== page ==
Given that Beaton’s Creek still seem to not having been forgotten (and Sumitomo), I decided to go over some old schematics of Beaton’s Creek that are up on I really think these schematics captures the whole concept well and are probably foretelling of how Comet Well and the other Pilbara prospects will play out:





We can see a couple of things in the slide above:

  1. Very good surface sample results.
  2. Hilly terrain (Not like CW).
  3. North-eastern extent looks like a fan-delta of sorts (or simply is shaped as such by erosion).
  4. Conglomerates seem to extend south-west (out of frame) in a continuous manner.





In the slide above we can see some impressive step out distances (400 and 600 metres) that all hit economic gold values over about the same length. One can also see the interpreted dip and that erosion (water etc) has randomly eroded away most of the cover rock at some places, thus exposing the gold bearing reef.





In the slide above we can see that the mineralization takes a step down due to faulting most likely. Novo has encountered faults already at Comet Well also. I doubt these faults play any role in regards to mineralization since the faulting most likely happened after the conglomerates were laid down, bu t it is interesting that at least a thin sequence of gold bearing conglomerates continue at the same level to the right in the mentioned slide.





In the slide above we can see where Novo traced the gold bearing conglomerates marked in yellow. The area east of the strike seems to have been mined away already. What it does show is a continuous strike that really drives home the point about it being sheet like.





The slide above shows a situation where we seem to have a gently dipping conglomerate sheet that seems to incrementally get thicker down dip, and more importantly, looks to be wide open.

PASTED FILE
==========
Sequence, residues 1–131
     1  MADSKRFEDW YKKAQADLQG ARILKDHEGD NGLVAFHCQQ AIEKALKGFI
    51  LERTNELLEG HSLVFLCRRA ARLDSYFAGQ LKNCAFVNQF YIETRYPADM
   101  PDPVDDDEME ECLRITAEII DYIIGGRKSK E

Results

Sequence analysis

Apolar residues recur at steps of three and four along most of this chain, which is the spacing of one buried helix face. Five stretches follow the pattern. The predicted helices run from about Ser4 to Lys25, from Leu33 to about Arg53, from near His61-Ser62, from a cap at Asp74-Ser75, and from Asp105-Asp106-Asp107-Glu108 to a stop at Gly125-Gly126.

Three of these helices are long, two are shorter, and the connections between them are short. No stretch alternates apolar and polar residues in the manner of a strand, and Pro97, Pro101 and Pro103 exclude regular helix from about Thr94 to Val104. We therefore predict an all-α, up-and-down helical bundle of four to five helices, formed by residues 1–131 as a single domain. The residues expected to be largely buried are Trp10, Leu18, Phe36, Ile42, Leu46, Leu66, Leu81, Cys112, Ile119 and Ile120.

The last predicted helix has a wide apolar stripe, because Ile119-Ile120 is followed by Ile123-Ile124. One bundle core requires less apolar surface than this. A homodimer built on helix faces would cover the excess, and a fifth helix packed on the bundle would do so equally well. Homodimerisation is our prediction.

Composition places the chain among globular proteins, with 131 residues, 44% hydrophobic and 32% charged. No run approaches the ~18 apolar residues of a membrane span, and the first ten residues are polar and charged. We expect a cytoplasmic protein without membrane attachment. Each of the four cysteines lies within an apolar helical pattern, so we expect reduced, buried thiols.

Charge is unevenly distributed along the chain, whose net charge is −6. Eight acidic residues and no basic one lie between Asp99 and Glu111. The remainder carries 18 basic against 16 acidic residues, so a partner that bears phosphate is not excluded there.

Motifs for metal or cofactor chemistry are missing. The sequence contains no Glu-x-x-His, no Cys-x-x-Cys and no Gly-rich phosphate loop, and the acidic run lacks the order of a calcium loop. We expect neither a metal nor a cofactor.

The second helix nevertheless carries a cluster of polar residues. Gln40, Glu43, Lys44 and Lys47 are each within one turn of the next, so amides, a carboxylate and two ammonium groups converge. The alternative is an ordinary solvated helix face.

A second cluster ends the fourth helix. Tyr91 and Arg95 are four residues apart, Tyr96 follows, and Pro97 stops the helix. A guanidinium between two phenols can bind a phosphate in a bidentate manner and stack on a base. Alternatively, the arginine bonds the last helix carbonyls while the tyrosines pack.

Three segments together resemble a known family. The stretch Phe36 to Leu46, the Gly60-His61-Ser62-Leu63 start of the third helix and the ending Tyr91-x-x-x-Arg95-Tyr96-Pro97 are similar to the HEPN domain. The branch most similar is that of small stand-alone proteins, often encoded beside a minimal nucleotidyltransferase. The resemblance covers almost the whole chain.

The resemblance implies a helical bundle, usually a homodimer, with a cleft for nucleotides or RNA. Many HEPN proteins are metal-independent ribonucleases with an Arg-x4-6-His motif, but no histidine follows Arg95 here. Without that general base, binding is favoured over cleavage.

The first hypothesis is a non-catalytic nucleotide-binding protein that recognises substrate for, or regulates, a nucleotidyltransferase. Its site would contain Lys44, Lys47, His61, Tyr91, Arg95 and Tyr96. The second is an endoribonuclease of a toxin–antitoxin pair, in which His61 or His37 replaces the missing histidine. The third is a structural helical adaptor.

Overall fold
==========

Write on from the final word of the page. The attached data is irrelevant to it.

Sumitomo probably got interested because A) The Beaton’s Creek oxides are probably very high margin ounces and B) The conglomerate system seems wide open. I also think that the slides in this article is a good visualization of how I think Comet Well and Purdy’s reward (along with the other nearby areas) gold systems will turn out to be. Namely, very high grade gold sheets (we are up to THREE at Comet Well) that extend over a very long distance down dip. There might be local areas that are better than others though given that the terrain is never 100% uniform and some overlapping fan style streaks may be present.

The key takeaways would be that A) we have a lot data of how widespread the “melon seed” nuggets are, which suggests that this is indeed an entire basin play B) Beaton’s Creek confirms the “sheet style” gold systems that are present in Pilbara, and C) All these factors taken together suggests to me that we will find many and very large gold deposits all over pilbara in the coming years. We have barely scraped the surface, and the big gun Sumitomo got interested in Beaton’s Creek, and Kirkland Lake forked up $56 M to get a piece of Novo after the Purdy’s Reward and Comet Well prospects were discovered. This interest is only rational if both corporations believe that these kind of conglomerate gold systems found in Pilbara can be huge.

Who knows how big these systems will get. Beaton’s Creek, Comet Well and Purdy’s Reward is in my opinion just the edges or the tip of an iceberg if you will, and we get more news of gold bearing conglomerates many kilometers away all the time. I am personally convinced that Novo and some other Pilbara juniors are have only literally scratched the surface. If only some of these reported Fortescue gold prospects line up, we are talking so much gold that I don’t even dare to put a (public) number on it.

Novo has already discovered MULTIPLE prospects on their enormous land holdings, both Mt Roe and Hardey Formation targets. If Sumitomo saw enough potential in Beaton’s Creek system alone and Kirkland saw the potential in Purdy’s Reard and Comet Well system to warrant investment, what is the potential for Novo Resource and its 10,000 km2 land package as a whole?

I highly recommend listening to the latest interview with Quinton Hennigh while having the discussion above in mind:


Best regards,

The Hedgeless Horseman

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